To the OP, I think that increasing pain is something to definitely keep an eye on as overall the pain should be going in the opposite direction. But it’s still so early that a day or two can make all the difference. How are you feeling now? Any concerns should immediately be brought to the attention of your surgeon. They should be more than happy to talk with you or see you in person if you are worried (though I think we all know that in reality that often isn’t the case).

  • Feuermann

    Member
    May 3, 2018 at 10:17 pm

    I agree with Momof4. I am a year out from open inguinal hernia surgery with mesh and the long-term recovery has been a “2 steps forward, one step back” kind of experience. I have felt burning, tingling, aches, heaviness, hypersensitive skin, itching, leg and back pain and discomfort. Since the initial post-operative pain went away, I have had some or all of these symptoms daily. Some days have been better than others and the issues have improved over time, but very slowly.

    I don’t want to give the wrong impression – I have been able to live my life. I have just been surprised at how long these sensations have persisted.

    That all being said, I am in much less regular pain and discomfort than I was even a couple of months ago. I hope this provides you with some comfort. For some of us, recovery from this surgery may be a longer road.

    I have also found that there is a psychological element to all of this. I don’t know if it is perception or if it is real, but I feel these sensations less when I am involved in something immersive like playing an instrument, reading or writing.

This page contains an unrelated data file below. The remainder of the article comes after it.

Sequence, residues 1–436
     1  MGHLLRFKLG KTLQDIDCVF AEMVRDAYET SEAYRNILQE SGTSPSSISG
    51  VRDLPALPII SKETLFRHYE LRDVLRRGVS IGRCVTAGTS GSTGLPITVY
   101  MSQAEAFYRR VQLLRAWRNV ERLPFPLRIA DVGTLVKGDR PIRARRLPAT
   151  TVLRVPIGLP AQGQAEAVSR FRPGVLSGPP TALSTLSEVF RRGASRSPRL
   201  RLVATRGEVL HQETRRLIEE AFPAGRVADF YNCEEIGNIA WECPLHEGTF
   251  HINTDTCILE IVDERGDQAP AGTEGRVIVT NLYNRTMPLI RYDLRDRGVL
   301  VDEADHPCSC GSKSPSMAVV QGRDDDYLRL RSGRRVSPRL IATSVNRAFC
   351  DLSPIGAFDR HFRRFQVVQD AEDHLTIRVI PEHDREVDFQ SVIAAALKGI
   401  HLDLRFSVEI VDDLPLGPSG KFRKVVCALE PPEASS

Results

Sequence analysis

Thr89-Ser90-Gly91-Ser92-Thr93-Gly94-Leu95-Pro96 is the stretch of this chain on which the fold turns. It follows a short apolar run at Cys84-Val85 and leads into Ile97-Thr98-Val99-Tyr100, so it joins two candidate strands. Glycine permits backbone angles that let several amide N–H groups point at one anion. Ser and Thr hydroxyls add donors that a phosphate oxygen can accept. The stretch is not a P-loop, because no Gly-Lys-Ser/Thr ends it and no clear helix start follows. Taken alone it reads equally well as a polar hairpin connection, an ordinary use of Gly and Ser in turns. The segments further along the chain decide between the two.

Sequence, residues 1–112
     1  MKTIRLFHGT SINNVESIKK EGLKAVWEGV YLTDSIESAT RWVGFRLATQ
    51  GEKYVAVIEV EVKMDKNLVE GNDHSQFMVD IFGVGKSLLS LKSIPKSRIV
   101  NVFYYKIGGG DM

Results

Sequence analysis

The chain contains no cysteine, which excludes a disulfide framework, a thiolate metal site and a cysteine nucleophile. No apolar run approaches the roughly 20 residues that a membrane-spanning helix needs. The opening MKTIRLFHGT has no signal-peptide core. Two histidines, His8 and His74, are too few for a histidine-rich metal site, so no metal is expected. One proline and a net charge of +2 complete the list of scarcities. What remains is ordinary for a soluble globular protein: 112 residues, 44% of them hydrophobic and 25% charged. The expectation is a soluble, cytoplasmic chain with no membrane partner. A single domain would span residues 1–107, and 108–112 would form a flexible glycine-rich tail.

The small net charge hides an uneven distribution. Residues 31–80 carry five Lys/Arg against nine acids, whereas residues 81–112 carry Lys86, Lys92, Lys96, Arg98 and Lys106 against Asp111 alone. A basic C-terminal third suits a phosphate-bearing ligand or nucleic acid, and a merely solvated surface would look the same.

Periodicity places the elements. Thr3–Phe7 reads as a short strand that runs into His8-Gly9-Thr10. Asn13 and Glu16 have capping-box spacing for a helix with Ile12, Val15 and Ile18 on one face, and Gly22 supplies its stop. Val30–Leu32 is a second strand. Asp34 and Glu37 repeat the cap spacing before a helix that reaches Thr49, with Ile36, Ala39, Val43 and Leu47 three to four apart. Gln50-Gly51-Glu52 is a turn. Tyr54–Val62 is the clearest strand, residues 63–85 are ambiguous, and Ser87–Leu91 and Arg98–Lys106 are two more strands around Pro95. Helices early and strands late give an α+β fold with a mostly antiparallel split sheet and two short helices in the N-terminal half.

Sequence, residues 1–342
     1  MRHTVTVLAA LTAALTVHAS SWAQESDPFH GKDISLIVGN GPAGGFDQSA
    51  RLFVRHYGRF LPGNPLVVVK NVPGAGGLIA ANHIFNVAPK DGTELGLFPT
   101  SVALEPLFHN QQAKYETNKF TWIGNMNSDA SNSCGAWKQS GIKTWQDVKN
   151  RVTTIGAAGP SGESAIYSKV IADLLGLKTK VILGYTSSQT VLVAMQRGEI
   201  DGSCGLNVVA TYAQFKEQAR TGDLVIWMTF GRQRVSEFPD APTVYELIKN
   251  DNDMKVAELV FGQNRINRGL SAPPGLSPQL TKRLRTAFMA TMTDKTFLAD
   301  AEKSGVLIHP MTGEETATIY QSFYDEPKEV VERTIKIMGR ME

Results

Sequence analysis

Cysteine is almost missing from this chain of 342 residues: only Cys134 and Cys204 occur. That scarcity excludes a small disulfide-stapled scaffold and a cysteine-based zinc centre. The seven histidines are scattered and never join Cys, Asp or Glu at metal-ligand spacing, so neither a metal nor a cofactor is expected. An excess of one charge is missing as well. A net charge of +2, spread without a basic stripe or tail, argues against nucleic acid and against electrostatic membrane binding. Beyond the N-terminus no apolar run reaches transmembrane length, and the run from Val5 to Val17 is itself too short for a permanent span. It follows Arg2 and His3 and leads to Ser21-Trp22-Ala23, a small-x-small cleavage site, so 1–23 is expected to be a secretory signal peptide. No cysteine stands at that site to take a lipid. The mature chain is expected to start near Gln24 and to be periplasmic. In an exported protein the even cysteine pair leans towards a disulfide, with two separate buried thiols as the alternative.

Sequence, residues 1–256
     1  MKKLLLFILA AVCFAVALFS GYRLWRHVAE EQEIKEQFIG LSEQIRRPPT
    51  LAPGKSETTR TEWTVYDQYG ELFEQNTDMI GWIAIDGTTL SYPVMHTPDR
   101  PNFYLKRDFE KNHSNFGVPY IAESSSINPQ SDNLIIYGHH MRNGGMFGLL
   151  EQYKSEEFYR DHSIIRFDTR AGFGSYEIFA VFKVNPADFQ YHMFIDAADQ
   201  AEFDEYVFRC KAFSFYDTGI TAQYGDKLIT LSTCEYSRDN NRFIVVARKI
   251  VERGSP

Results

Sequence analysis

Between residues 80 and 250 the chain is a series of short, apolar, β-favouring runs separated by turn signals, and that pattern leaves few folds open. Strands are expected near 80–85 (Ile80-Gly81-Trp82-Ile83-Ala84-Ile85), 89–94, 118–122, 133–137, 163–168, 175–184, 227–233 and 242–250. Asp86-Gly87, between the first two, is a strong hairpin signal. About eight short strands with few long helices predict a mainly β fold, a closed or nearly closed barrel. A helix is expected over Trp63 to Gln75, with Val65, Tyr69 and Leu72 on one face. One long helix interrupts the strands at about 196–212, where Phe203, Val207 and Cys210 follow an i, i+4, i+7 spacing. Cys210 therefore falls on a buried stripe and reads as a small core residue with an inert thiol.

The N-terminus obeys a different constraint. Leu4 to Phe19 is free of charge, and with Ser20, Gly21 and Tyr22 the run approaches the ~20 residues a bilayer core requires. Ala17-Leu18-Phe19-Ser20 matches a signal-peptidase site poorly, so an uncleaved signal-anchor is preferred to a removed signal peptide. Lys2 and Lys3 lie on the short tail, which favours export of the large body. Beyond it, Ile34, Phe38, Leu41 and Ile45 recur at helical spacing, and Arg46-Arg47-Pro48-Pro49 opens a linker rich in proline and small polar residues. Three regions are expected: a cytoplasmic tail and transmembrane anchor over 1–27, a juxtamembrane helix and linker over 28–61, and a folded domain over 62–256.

• Momof4

    Member
    May 3, 2018 at 4:49 pm

    I would say at 10 days out of surgery it is not unusual to feel all sorts of strange pains. I think we all expect too much of ourselves, even after lap surgery! We need to remind ourselves that we just had surgery and that any surgery is a big deal. Don’t let anyone minimize your experience. I can recall feeling aching some days, burning others and then days where I felt great. I think sometimes it depends on activity level and quality of rest and sleep and perhaps even diet and bowel habits. I recall my surgeon saying that there should be improvement, no matter how slight, over time. So, maybe two steps forward and then one step back but overall, moving in the right direction towards complete healing. Definitely keep track of the things that you are feeling so that if things continue to get worse you can have a discussion with your doctor. So, I would say for now that you are still recovering and may feel all sorts of different pains now and then. Ice may help with the burning. I had some burning after a hernia repair and it seemed to burn itself out with time. Best wishes for a speedy recovery!